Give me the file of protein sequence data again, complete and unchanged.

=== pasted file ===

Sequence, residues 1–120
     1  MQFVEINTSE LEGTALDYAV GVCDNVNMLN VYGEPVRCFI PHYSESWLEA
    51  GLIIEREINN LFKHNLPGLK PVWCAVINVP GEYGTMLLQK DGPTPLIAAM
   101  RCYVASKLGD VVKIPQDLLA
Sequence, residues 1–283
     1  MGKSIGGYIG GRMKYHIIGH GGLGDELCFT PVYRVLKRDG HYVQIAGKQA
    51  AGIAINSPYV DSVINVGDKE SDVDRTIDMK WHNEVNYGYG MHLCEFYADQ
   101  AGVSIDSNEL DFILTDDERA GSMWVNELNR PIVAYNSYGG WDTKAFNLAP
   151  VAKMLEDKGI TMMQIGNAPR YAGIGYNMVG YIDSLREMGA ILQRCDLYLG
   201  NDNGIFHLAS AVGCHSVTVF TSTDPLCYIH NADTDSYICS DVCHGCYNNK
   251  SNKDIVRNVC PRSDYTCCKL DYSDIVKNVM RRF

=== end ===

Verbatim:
Sequence, residues 1–120
     1  MQFVEINTSE LEGTALDYAV GVCDNVNMLN VYGEPVRCFI PHYSESWLEA
    51  GLIIEREINN LFKHNLPGLK PVWCAVINVP GEYGTMLLQK DGPTPLIAAM
   101  RCYVASKLGD VVKIPQDLLA
Sequence, residues 1–283
     1  MGKSIGGYIG GRMKYHIIGH GGLGDELCFT PVYRVLKRDG HYVQIAGKQA
    51  AGIAINSPYV DSVINVGDKE SDVDRTIDMK WHNEVNYGYG MHLCEFYADQ
   101  AGVSIDSNEL DFILTDDERA GSMWVNELNR PIVAYNSYGG WDTKAFNLAP
   151  VAKMLEDKGI TMMQIGNAPR YAGIGYNMVG YIDSLREMGA ILQRCDLYLG
   201  NDNGIFHLAS AVGCHSVTVF TSTDPLCYIH NADTDSYICS DVCHGCYNNK
   251  SNKDIVRNVC PRSDYTCCKL DYSDIVKNVM RRF